The world’s second-largest tin producer, PT Timah, has begun construction of a new US$80M tin smelter, located in Mentok, Bangka Belitung, Indonesia. Construction began on 30 January 2020 and the smelter is aimed to be operational by mid-2021. The development, using Ausmelt technology, outlines a major capacity upgrade of 40ktpy to PT Timah’s current smelting operations at Mentok. PT Timah’s two main smelting operations, at Mentok and Kundur in Riau, have a current combined capacity of 54ktpy. The upgrade will allow PT Timah to process hard rock feedstock. Its current production, estimated at 35kt in 2019, relies on alluvial tin feedstocks.
This substantial upgrade to processing capacity marks a major step in PT Timah’s plans to compete with Yunnan Tin as the global market leader for refined tin production. Yunnan Tin’s current capacity sits at 80ktpy, a figure that is likely to rise with Yunnan Tin widely expected to follow in PT Timah’s steps to raise production capacity.
Whilst PT Timah embarks on a move to raise capacity, it may come as a surprise that several major tin producers, including PT Timah and Yunnan Tin, plan to reduce output in 2020, with expected cuts of 30kt. This move comes as LME prices hit a three-year low of US$15,700/t in August 2019.
Prices had shown signs of recovery after the announcements of output cuts in September 2019, peaking at US$17,750/t in January 2020; however, supply chain disruptions due to the Coronavirus outbreak saw prices drop back to US$16,150/t in early February 2020. The global market is expected to recover relatively quickly from the impacts of the Coronavirus, once health issues are resolved and regulations eased. The International Tin Association forecasts rising tin demand in 2020, particularly in China’s solder market. This increase in demand, paired with cuts to output, indicates room for price increases later this year.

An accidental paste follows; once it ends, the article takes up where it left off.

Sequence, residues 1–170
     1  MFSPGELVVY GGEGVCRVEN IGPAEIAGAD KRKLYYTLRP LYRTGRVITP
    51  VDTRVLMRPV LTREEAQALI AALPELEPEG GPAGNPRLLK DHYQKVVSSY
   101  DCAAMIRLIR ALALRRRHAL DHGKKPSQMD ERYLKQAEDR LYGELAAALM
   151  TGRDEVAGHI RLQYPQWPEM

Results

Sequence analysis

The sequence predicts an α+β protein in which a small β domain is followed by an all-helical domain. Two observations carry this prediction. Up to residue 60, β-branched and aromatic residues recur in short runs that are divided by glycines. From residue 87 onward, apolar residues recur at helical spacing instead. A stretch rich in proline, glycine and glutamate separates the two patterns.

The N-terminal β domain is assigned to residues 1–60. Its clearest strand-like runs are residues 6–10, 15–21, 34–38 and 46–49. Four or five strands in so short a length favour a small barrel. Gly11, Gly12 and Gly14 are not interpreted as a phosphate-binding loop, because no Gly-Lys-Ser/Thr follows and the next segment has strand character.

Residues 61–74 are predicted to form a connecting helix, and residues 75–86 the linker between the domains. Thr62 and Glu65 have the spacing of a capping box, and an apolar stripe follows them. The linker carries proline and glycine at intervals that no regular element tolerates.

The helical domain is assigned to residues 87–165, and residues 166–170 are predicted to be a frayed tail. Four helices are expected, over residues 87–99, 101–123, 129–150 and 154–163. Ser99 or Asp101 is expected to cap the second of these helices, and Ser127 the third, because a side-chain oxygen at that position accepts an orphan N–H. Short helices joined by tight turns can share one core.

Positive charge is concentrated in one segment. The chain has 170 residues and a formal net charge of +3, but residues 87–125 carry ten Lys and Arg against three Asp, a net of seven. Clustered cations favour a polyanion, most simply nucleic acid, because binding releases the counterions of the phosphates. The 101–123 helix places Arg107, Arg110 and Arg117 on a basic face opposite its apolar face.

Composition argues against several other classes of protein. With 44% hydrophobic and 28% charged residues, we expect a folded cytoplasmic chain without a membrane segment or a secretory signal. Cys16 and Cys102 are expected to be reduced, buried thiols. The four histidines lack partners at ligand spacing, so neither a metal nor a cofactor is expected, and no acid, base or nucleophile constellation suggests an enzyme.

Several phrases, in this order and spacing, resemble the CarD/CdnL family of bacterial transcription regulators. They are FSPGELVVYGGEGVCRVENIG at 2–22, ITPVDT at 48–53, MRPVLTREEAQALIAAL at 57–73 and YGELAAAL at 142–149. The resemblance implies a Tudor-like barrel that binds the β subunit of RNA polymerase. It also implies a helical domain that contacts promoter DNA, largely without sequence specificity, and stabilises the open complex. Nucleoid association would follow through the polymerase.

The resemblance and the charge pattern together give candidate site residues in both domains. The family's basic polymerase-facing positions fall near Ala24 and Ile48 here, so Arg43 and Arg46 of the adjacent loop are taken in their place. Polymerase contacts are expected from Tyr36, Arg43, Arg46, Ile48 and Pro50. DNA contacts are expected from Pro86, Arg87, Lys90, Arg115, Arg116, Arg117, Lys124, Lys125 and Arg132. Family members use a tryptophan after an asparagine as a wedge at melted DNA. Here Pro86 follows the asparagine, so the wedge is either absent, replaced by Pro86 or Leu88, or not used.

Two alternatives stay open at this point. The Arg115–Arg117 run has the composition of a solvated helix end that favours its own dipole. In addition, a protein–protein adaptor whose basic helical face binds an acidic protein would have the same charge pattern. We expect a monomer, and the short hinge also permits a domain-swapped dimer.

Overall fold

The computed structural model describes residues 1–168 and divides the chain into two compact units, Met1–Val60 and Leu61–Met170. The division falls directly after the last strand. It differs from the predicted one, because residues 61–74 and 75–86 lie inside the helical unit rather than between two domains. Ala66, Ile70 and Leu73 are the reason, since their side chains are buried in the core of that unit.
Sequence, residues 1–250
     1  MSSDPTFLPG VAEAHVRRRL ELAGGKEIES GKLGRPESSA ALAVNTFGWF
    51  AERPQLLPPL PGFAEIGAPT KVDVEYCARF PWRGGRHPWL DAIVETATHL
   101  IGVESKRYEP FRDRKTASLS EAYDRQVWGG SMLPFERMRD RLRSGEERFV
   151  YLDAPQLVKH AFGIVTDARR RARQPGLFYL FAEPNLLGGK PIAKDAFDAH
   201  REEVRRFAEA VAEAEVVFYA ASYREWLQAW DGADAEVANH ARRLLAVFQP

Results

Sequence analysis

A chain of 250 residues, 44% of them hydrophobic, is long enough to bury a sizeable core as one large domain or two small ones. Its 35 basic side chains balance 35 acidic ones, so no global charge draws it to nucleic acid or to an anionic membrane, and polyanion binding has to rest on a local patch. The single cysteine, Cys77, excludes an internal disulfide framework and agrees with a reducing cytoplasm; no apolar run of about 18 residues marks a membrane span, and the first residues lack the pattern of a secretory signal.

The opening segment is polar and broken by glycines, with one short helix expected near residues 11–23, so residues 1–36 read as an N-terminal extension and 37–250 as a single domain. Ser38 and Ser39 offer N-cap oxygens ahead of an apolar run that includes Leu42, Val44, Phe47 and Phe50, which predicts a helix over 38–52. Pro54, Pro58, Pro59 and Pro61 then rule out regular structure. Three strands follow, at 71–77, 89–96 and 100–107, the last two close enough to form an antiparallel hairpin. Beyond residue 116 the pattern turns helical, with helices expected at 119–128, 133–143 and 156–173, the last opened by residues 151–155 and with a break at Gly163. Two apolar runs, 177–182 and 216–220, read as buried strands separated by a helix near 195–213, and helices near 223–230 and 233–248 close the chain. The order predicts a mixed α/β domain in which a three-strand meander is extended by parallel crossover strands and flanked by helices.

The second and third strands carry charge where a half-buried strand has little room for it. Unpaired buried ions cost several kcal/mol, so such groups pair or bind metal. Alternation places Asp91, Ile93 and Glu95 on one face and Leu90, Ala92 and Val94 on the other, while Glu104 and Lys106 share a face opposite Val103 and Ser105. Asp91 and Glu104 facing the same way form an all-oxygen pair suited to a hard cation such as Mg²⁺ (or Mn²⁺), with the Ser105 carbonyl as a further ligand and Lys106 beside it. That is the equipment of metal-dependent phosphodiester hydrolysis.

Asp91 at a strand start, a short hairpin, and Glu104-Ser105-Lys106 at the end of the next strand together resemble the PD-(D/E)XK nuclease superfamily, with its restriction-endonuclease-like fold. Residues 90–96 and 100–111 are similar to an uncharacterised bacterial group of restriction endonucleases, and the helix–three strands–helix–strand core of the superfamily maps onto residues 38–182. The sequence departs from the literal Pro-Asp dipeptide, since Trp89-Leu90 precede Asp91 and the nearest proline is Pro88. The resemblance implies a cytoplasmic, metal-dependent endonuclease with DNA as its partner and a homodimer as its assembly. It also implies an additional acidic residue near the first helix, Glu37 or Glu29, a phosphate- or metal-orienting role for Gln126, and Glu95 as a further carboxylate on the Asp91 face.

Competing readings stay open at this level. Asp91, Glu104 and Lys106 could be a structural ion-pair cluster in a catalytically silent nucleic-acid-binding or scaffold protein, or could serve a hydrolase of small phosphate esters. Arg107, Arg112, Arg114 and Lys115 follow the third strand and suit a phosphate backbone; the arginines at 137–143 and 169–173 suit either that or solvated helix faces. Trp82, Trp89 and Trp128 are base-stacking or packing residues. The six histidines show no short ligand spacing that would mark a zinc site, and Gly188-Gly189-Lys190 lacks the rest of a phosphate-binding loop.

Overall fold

PT Timah’s new smelter and its capabilities give an insight into the future of the tin market, particularly that in Indonesia. Historically, the Indonesian tin supply chain has generally relied on alluvial tin feedstocks, a sector that appears to be reaching peak production with few prospective near-surface alluvial tin deposits remaining. The new smelter has the capability to process hard rock feedstock at substantially lower grades, signifying a change in strategy for PT Timah and the need to move to lower grade primary onshore sources, as opposed to offshore.
Roskill’s Tin: Outlook to 2029 report was published in October 2019. The first quarterly update will be available to subscribers in February 2020. Click here to download the brochure and sample pages for the report, or to access further information.